The silence on the bus is overwhelming, the air charged with anticipation and a sense of uncertainty that has been building steadily since we left Krakow. A quick glance at the faces around me reveals varying shades of the same panicky thought: What am I doing here?
Back in the safety of my hotel room, this excursion seemed like a brilliant idea, a way to educate, enlighten, move the spirit. But now, watching the Polish countryside unspool outside the window, I feel my resolve wane with every passing kilometre. It’s even worse when we finally arrive; confronted with those chillingly familiar iron gates, my mood plummets.
Glancing up at the inscription — Arbeit Macht Frei — which looms mockingly above us, I’m seized with the need to get back on the bus and return to my ordinary, unremarkable life. I’m convinced that the air on the other side of the gates will be thicker somehow, burdened with the remnants of an evil so palpable, even after all this time, that I will surely perish under its weight.
I wonder again, why am I here?
Then a small hand slips into mine and I remember: I’m here for my daughter. My happy child of privilege, who has never known hunger, or terror, or persecution. Our mother-daughter outing is motivated by the hope that showing her the depths to which humankind has sunk will inspire her to strive for something greater in her own life: an ethos of acceptance, a rejection of hatred, a refusal to tolerate injustice. It’s a lot to ask, I know. The world being what it is, I’d settle for a greater empathy for her fellow creatures. And perhaps a little kindness.
“Some parents take their kids to Disneyland,” she whispers, the ghost of a smile in her voice. I see that she’s nervous, too, and squeeze her hand in solidarity. If she feels me trembling, she doesn’t let on.
It’s not that I don’t know what to expect when we pass through the gates. I’ve done enough research to know about the misery, the horror, the atrocities that took place here. Back in the hotel room, I worried that this would be too much for a thirteen-year-old girl. Now it occurs to me that perhaps I’ve got that backwards, that I’m the one who will be overwhelmed. But we are here, and it is time. I take a moment to steel myself, and together we step into Auschwitz.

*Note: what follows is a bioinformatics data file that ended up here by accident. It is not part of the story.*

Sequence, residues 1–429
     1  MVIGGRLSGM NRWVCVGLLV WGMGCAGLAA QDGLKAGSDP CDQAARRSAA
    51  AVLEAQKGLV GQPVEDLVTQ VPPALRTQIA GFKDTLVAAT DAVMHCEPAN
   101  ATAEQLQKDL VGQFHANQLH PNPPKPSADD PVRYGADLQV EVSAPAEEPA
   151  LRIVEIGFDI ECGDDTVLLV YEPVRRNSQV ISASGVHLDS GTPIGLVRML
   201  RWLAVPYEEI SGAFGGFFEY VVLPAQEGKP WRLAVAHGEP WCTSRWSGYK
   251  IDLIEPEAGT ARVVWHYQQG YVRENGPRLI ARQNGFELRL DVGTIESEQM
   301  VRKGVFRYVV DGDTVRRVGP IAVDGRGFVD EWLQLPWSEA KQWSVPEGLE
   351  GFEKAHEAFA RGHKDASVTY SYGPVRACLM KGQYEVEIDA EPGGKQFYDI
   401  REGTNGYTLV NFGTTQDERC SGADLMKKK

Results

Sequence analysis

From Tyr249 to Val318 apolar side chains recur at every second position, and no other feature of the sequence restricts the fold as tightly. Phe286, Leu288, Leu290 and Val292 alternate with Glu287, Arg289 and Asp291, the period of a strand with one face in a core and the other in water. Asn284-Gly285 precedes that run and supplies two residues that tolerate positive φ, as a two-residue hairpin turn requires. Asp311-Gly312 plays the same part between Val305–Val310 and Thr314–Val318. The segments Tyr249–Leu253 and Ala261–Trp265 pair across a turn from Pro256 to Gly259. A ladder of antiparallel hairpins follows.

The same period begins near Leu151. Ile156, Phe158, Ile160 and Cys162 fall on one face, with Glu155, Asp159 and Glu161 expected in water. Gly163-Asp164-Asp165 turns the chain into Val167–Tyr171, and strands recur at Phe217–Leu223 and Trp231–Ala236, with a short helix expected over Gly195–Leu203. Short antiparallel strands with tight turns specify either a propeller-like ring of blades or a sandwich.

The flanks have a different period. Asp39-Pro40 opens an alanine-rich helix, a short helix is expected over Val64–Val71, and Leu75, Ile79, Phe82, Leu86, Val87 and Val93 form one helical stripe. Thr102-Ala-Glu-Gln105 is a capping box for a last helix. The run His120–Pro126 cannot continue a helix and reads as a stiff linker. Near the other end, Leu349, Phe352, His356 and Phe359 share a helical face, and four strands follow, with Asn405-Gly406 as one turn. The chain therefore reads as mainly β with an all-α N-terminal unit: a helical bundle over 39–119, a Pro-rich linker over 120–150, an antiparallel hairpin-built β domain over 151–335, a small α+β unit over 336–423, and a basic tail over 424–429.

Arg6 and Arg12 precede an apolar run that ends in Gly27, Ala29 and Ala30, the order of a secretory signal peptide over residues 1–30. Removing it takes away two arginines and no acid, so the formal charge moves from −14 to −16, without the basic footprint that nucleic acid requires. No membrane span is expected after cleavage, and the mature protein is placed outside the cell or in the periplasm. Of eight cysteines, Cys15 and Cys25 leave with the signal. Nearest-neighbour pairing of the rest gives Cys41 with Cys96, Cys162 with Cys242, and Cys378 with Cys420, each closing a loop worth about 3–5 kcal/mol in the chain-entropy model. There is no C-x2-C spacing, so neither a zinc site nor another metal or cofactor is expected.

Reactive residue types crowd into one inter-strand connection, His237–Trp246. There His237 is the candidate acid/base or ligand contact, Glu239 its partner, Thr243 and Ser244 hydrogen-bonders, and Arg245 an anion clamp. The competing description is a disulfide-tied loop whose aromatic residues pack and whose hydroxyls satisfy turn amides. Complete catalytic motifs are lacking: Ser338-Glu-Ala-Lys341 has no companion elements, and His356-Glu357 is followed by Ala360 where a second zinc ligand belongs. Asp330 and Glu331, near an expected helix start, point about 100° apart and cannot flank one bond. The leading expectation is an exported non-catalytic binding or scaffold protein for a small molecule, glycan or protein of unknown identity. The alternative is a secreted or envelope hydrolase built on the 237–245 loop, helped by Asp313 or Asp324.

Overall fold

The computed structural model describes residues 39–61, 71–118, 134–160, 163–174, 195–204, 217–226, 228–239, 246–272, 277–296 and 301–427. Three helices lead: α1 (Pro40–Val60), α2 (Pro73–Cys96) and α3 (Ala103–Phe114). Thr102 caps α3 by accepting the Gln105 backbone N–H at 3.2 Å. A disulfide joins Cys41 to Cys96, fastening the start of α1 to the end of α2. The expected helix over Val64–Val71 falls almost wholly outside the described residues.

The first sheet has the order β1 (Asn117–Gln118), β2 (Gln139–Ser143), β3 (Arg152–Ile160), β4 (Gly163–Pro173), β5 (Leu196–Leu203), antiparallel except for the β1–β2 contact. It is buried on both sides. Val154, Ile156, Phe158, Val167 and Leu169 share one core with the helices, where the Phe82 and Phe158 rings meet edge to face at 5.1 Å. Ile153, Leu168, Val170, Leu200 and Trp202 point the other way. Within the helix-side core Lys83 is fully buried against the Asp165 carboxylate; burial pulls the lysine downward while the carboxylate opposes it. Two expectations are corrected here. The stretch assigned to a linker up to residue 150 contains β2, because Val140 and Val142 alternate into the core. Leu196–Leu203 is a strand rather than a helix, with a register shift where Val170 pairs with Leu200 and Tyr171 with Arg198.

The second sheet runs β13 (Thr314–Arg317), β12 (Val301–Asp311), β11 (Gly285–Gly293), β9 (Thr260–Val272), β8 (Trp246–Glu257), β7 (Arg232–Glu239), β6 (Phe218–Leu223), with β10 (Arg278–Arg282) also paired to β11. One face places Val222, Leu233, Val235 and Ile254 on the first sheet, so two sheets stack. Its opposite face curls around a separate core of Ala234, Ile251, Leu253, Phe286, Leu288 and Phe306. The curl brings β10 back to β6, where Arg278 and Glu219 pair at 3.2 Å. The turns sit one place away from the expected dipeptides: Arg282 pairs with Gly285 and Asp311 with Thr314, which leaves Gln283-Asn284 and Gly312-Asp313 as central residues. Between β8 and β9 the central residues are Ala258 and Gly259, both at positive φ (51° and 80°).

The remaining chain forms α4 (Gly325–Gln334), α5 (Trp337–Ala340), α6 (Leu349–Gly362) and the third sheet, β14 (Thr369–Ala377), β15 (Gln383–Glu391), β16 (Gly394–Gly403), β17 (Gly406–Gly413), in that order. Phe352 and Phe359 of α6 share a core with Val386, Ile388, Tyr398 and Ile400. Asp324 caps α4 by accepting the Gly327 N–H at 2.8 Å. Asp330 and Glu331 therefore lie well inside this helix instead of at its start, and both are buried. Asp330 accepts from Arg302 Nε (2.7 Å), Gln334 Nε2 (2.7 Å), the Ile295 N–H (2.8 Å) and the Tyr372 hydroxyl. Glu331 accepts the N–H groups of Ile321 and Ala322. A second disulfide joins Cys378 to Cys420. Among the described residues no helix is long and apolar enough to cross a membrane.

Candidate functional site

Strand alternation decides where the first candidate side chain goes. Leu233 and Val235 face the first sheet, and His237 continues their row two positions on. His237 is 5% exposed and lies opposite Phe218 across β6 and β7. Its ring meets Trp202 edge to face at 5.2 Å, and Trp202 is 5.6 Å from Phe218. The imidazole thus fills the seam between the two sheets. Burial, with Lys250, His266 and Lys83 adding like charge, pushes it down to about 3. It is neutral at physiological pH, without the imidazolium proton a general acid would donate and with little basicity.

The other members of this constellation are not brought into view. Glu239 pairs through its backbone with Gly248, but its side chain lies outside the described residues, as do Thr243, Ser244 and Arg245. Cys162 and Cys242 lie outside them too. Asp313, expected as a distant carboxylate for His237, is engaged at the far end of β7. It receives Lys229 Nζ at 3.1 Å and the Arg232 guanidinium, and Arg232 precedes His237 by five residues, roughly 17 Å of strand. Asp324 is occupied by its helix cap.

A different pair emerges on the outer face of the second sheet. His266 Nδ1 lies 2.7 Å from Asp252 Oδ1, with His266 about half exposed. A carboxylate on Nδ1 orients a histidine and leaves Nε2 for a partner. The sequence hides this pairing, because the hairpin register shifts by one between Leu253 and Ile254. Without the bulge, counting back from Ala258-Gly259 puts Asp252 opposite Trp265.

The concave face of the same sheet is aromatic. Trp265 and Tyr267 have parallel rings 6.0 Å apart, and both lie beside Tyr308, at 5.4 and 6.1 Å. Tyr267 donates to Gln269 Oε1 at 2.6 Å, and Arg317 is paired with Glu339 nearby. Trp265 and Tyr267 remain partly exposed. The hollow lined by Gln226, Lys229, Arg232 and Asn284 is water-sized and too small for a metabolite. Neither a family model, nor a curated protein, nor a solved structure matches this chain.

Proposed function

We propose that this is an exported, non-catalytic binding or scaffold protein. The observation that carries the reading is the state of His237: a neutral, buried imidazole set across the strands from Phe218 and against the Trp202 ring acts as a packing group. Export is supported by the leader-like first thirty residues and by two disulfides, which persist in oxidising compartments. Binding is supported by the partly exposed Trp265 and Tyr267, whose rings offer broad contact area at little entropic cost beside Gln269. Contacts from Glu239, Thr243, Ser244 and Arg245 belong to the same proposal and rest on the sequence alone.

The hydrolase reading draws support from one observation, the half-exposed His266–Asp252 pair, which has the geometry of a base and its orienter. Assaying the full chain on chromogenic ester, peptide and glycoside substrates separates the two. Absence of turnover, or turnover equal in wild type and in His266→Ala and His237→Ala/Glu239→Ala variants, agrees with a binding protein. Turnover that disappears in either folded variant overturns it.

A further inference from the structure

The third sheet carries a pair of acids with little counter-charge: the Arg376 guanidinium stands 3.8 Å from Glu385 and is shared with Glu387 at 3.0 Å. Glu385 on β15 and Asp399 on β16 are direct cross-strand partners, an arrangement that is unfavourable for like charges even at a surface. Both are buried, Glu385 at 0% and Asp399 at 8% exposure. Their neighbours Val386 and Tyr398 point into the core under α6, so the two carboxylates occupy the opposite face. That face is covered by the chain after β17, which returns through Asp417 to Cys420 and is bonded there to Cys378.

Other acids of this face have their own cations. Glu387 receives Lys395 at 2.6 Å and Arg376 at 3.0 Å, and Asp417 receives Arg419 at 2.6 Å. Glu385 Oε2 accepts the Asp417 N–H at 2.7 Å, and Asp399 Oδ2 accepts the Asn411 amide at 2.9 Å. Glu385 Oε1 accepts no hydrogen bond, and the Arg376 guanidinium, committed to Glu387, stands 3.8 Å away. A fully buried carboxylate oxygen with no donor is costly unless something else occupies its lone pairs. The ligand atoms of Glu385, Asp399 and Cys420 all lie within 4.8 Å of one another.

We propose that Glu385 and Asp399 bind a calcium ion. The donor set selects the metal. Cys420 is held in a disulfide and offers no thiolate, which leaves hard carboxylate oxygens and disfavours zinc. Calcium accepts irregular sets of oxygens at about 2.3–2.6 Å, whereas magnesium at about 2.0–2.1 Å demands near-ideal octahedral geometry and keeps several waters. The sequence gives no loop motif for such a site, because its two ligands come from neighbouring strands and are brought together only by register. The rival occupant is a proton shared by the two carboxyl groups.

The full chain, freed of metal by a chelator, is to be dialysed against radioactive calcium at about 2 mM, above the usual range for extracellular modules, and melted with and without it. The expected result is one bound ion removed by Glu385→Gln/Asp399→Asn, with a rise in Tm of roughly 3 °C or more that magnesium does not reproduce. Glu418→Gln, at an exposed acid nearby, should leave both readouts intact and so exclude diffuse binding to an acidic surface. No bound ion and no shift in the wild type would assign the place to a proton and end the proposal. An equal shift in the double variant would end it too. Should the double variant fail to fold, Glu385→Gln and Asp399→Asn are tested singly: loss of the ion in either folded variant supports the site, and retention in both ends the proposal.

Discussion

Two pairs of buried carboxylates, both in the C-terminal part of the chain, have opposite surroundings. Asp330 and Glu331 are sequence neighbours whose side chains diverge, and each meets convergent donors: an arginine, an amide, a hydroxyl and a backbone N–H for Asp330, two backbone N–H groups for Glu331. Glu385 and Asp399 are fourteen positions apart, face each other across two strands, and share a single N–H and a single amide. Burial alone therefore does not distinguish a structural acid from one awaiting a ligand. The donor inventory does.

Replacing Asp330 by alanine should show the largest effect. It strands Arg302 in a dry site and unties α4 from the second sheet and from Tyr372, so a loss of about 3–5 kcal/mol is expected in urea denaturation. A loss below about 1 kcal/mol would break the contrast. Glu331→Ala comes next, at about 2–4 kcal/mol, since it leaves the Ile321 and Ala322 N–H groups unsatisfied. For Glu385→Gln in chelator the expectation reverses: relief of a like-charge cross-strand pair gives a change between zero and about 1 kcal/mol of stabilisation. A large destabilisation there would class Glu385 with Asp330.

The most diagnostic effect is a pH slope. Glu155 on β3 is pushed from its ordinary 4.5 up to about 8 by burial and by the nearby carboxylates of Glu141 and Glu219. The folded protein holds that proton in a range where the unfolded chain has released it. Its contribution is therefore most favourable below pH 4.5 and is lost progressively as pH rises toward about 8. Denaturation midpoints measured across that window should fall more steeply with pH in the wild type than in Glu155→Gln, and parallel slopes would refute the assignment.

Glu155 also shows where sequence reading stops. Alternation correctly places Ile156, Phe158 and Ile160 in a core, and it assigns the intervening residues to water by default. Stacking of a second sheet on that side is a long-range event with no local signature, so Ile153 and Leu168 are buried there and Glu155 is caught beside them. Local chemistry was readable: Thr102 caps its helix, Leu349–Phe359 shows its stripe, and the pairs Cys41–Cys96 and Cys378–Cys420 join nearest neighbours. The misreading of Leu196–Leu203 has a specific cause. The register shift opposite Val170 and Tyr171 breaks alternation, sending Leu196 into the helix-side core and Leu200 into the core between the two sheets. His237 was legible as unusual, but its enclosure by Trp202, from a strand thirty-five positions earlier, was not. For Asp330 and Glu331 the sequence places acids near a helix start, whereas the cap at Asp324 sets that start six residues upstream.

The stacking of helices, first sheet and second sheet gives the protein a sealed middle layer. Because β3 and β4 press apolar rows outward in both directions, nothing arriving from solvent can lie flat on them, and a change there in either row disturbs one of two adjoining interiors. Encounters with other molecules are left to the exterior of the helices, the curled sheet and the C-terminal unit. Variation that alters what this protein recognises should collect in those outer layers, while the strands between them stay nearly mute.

My first impression is that we’ve wandered onto the wrong movie set. I look about me in confusion, thinking, no — this can’t be right! Where is the lingering aura of malevolence? The suffocating crush of evil? The scene before me looks more like a summer camp than a death sentence. The sun shines benignly on rows of pleasantly shabby brick buildings. A gentle breeze rustles the leaves of the trees lining the paths. A laugh — quickly muted — erupts from a small group of passers-by. The dissonance of this sanitized version of hell is too much to process, and my disorientation unnerves me. Is it possible that Time has healed this most egregious of wounds?
Our guide is a slight, soft-spoken Polish woman whose father-in-law survived his time here. Her own family was summarily evicted from their nearby home, which, like so many others, was demolished to make room for the adjoining Birkenau camp. As she escorts us around the site, she speaks in the measured tones of one who has long since come to terms with the unfathomable. I will myself to concentrate on her words, and the banality of the surroundings finally begins to recede.
The exhibits are powerful in their simplicity. In one room, behind a long plexiglass shield, hundreds of battered suitcases stand in mute testimony to the cruel charade of deportation. Each is crudely inscribed with a name, a date, sometimes a place of origin. In another room are shoes stolen from the victims, hundreds, maybe thousands of them, jumbled together like forgotten bones in a mass grave. It’s a heartbreaking sight, made all the more so by the shock of an occasional bright, cheerful pair exploding poignantly from the drab sea of its utilitarian neighbours.
We walk into an exhibit of human hair, shorn from the dead and ready for export. As if on cue, every woman in the group begins to weep silently. Many reach up, tentatively, to touch their own locks. In this moment, a connection has been forged between us and the victims who, in the end, could not even lay claim to the hair on their heads. This is no longer a history lesson; this is personal.
By the time we reach the gas chamber, my daughter is squeezing my hand so tightly I think it might break. The room is everything you would expect: cold and hard and yes, evil. This should be the climax of the tour, the grand finale, as it were. But we are almost numb by this point. We don’t linger. We, the lucky ones, have the luxury of passing through quickly.
The mood is sombre on the ride back to Krakow. My daughter rests her head on my shoulder, her hand still tucked safely in mine. She doesn’t say a word, but her eyes are haunted. I wrap my arms around her, and we settle in for the long journey home.
Note: Today is Yom HaShoah, the annual Jewish remembrance day for victims of the Holocuast.